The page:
Familial Hypercholesterolemia and Pregnancy

Familial hypercholesterolemia (FH) is an autosomal dominant genetic defect that is strongly associated with premature coronary artery disease (CAD). Currently four genes are known to result in the phenotype of FH when affected by a mutation: the low-density lipoprotein receptor (LDLR); apolipoprotein B (ApoB); LDLR adaptor protein 1 (LDLRAP1) and proprotein convertase subtilisin/kexin type 9 (PCSK9). Homozygous FH (HoFH) carriers have extremely high levels of low-density lipoprotein cholesterol (LDL-C) at birth and evidence of CAD very early in life and, if untreated, early mortality as young as 30 years of age.1 Heterozygous FH (HeFH) carriers are much more common than previously thought and may be as common as 1 in 250 people.2 FH is associated with a 2.5 to 10-fold increased risk of heart disease.1 It is estimated that 90% of FH carriers are still undiagnosed.3 The diagnosis of FH is based on family history of premature CAD and levels of LDL-C over 190 mg/dL in adults and over 160 mg/dL in children.1 FH is found in all races and equally in both genders.

Women with FH face unique lifetime risks given that they are unable to remain on cholesterol reduction therapy with statins during pregnancy. All childbearing-age women with FH on lipid lowering therapy should receive pre-pregnancy counseling as well as contraception advice. The preferred methods for contraception in women with FH are low-dose estrogen oral agents, intrauterine devices and barrier techniques, although in women older than 35 years of age the latter two methods are preferable.4 Early diagnosis of FH in women with early medical intervention is critical to reducing risks of cardiovascular disease (CVD) events long-term. When a non-pregnant woman is diagnosed with FH, aggressive medical management with statins, cholesterol absorption inhibitors and possibly PCSK9 inhibitors are advised to reduce LDL-C to normal levels. Women with FH need counseling on risk reduction and management with particular attention on therapy during pre-conception, pregnancy, childbirth and lactation. With early identification of FH in women and proper planning, most women with FH can have healthy pregnancies and healthy children.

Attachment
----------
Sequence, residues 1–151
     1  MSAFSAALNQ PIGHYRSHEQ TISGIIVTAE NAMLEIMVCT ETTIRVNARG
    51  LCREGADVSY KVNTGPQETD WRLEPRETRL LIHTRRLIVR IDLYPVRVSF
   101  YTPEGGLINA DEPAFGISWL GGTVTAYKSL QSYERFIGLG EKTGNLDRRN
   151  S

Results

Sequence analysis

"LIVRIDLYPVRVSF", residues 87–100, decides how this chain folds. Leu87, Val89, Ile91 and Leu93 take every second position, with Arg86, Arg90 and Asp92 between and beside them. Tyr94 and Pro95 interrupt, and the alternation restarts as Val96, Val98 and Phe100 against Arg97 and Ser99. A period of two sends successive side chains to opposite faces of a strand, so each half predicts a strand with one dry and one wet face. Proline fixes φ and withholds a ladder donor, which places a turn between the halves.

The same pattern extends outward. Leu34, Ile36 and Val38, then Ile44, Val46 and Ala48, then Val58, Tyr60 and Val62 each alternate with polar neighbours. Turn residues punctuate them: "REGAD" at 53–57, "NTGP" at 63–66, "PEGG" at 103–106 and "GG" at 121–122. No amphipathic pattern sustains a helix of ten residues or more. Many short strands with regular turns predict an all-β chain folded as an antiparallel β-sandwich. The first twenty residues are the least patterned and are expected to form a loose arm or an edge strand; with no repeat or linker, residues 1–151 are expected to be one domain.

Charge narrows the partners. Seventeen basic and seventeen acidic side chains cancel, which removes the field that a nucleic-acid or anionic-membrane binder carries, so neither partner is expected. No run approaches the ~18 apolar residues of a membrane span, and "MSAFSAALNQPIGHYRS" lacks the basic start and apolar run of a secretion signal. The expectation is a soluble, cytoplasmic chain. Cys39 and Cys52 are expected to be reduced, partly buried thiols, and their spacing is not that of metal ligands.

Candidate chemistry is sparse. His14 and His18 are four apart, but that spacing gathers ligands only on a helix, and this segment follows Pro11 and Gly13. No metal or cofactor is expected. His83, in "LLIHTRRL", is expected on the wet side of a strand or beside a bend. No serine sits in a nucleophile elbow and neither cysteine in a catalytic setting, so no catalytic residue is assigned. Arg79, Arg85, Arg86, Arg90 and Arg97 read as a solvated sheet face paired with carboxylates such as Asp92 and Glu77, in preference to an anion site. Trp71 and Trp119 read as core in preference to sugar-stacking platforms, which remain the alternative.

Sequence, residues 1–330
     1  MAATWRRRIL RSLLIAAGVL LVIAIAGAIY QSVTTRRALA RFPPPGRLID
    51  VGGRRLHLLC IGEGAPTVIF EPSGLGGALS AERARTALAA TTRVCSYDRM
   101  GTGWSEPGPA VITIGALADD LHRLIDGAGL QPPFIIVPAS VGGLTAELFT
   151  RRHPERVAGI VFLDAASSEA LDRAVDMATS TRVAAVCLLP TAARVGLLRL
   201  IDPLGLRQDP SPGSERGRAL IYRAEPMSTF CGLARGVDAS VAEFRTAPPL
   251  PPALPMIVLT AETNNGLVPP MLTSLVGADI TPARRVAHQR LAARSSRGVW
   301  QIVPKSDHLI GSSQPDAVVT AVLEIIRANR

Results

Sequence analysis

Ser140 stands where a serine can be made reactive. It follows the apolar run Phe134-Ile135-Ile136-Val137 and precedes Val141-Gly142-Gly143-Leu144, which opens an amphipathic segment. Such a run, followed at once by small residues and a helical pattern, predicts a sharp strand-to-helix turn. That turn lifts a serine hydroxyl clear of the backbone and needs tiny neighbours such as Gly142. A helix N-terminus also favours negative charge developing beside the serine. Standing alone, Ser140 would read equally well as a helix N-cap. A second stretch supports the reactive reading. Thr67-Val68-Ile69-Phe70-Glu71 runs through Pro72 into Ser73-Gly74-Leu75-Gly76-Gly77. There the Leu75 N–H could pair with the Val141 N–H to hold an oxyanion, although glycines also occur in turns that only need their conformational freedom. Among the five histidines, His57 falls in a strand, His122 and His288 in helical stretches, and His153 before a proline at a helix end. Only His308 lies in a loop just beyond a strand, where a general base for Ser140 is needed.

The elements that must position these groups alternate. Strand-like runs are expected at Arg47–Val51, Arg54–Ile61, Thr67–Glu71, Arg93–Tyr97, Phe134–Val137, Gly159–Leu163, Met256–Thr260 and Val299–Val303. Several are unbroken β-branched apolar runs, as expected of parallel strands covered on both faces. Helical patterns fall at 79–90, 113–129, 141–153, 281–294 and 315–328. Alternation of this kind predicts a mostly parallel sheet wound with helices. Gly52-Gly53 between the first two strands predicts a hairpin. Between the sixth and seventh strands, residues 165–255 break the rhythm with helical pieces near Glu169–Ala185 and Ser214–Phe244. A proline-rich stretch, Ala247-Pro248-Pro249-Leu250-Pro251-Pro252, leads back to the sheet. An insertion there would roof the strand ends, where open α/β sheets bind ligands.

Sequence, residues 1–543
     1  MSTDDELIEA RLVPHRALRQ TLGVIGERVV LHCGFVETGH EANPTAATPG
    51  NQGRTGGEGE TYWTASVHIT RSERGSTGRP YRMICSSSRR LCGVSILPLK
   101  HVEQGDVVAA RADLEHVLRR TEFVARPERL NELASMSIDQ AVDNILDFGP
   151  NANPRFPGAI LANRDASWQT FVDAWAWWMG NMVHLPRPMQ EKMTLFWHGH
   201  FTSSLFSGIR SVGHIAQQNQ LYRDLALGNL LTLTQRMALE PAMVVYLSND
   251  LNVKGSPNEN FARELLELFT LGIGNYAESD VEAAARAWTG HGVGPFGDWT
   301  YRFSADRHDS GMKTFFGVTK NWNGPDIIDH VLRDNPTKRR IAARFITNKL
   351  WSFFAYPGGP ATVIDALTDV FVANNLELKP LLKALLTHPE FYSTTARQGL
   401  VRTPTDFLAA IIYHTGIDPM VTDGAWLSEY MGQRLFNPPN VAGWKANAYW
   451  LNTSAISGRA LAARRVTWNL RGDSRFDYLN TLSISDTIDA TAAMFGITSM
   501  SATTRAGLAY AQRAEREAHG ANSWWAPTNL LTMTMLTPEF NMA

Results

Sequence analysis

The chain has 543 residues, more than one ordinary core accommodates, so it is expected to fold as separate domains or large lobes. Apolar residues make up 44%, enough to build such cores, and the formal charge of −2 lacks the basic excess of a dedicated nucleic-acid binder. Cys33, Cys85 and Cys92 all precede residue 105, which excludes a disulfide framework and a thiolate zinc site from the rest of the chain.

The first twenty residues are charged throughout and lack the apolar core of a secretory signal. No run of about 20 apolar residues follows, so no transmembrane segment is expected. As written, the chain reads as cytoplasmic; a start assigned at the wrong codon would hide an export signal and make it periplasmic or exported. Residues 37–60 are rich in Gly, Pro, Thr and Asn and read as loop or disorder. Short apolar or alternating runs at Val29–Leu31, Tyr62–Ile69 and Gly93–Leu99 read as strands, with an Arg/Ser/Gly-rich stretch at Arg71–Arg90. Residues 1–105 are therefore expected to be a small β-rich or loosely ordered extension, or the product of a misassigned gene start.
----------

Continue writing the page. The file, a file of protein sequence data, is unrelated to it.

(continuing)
While statins are very effective in lowering LDL-C levels, they are contraindicated during pregnancy and lactation. Non-statins such as ezetimibe, niacin and fibrates have also been associated with teratogenicity and are therefore not indicated during pregnancy. PCSK9 inhibitors have not been tested for safety during pregnancy and are not currently approved during pregnancy. The only medications currently acceptable during pregnancy are bile acid sequestrants,1 since they are not systemically absorbed and therefore not felt to pose fetal risk. Use is limited due to side effects of elevated triglycerides and constipation. Mipomersen, an antisense inhibitor of APoB synthesis, is an injection that may be considered during pregnancy in HoFH women.5 Lomitapide, in capsule form, is contraindicated during pregnancy as there is a risk of embryo-fetal toxicity. Lipoprotein apheresis is also approved during pregnancy and considered safe for very high risk women with known significant atherosclerotic disease or HoFH.1 Healthy lifestyle with low-fat, low-cholesterol diet and routine exercise are strongly recommend before, during and after pregnancy.

When a woman with FH is ready to conceive, statins, ezetimibe and niacin should be stopped at least 4 weeks prior to discontinuing contraception according to the NLA recommendations for FH,1 whereas others recommend discontinuing statins approximately three months prior to attempting conception.4,6 Women who become pregnant while on statin therapy should stop the statin immediately and undergo fetal assessment with a maternal-fetal specialist as soon as possible.1 These women who accidentally become pregnant on statin therapy may also be reassured that the likelihood is low for fetal complications.4 More recent observational studies reviewing multiple clinical studies and case reports did not report an increased risk of congenital anomalies with statin exposure in pregnancy when compared to control groups or the prevalence of congenital anomalies in the general population.7

Women with FH may have more conditions associated with pregnancy-related complications such as diabetes, hypertension disorders, renal dysfunction and polycystic ovarian syndrome, which is also associated with infertility. Women with FH have similar fertility rates compared to women without FH.8 Women with FH who receive fertility treatments should be followed closely by their cardiologist or lipid specialist as these drugs can increase cholesterol and triglyceride levels. Some studies suggest that women with FH are also more likely to have preeclampsia during pregnancy. Emerging information suggests that pravastatin may reduce the risk for preeclampsia in high-risk women; however, larger clinical trials are necessary.9,10